Ho-Chunk: 1. Stella Stacy and Henry Thunder - Flute Song. 2. Winslow White Eagle - War Dance. Oneida: 3. Wallace Smith and Albert Webster - Tsyatkatho. Pan-Indian: 4. Margaret "Laughing Eyes" Edaakie (Eagle) and Phyllis Lewis - 49 Song. French Canadian: 5. Leizime Brusoe, Robert McClain, Walter Wyss, and Emery Olsen - Good for the Tongue. 6. Ernest Joseph Belisle - Je ne veux pas d'un avocat / I Do Not Want a Lawyer. 7. Charles Cardinal - How They Sang the Marseillaise in Chippytown Falls. 8. Mary Agnes Starr - Michaud. 9. Marie Donalda Lagrandeur - Bonsoir, mes amis / Good Night, My Friends. Belgian (Walloon): 10. Alfred Vandertie - I Went to Market. 11. Alfred Vandertie - C'est l'café / It's the Coffee [the Kermiss Song]. 12. Emile Boulanger - Dance Tune. Cornish: 13. John Persons - Cornish Story. Welsh: 14. William Reese and Selina Phillips - Cawn esgyn o'r / Paradise. 15. Dr. Daniel W. Wickham - My Welsh Relation. 16. Hugh P. Jones - Y mochyn du / The Black Pig. 17. John Williams and chorus - Siani bach / Dearest Sian. African American: 18. Lillie Greene Richmond - Hide Thou Me. 19. Lillie Greene Richmond - Little Old Log Cabin in the Lane. 20. Lillie Greene Richmond - One More River. Anglo-American: 21. Preston Willis - Chase the Buffalo. 22. Hamilton Lobdell - Barker's Call. 23. Pearl Jacobs Borusky - My Old Hen's a Good Old Hen. 24. Pearl Jacobs Borusky - Last Saturday Night I Entered a House. 25. Charles Dietz - Did You Ever See the Devil? 26. Charles Dietz - Three Dishes and Six Questions. Lumberjack and Irish American: 27. Emery DeNoyer - Snow Deer. 28. Emery DeNoyer - Shantyman's Life. 29. Emery DeNoyer - Irish Jubilee. 30. John Muench with Ralph Weide - Irish Washerwoman. 31. Noble Brown - Oh, It's Nine Years Ago I Was Diggin' in the Land. 32. Robert Walker - McNamar' from County Clare. 33. Charles Robinson - Fond du Lac Jail. 34. Lewis Winfield - Moody Alphabet Song. 35. Bill Neupert - Red Light Saloon. 36. John Christian - Red Light Saloon. 37. Bessie Gordon - Gambler's Blues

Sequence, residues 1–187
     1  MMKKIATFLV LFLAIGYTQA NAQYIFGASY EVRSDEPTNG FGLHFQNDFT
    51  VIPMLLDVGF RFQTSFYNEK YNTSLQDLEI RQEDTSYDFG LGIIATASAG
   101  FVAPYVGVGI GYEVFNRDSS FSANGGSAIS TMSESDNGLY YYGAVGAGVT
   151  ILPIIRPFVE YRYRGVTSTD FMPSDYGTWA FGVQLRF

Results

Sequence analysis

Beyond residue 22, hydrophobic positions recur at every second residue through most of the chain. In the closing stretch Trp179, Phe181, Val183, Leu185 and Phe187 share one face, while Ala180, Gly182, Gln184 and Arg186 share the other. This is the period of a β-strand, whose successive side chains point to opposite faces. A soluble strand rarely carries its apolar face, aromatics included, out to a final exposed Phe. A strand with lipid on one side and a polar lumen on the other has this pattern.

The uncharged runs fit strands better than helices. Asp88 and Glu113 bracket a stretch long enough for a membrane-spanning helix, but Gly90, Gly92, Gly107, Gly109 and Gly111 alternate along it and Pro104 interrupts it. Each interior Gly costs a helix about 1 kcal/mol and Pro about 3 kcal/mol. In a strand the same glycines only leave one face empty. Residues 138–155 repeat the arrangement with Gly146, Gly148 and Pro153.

CD 5. MY FATHER WAS A DUTCHMAN. THE HELENE STRATMAN-THOMAS RECORDINGS, PART TWO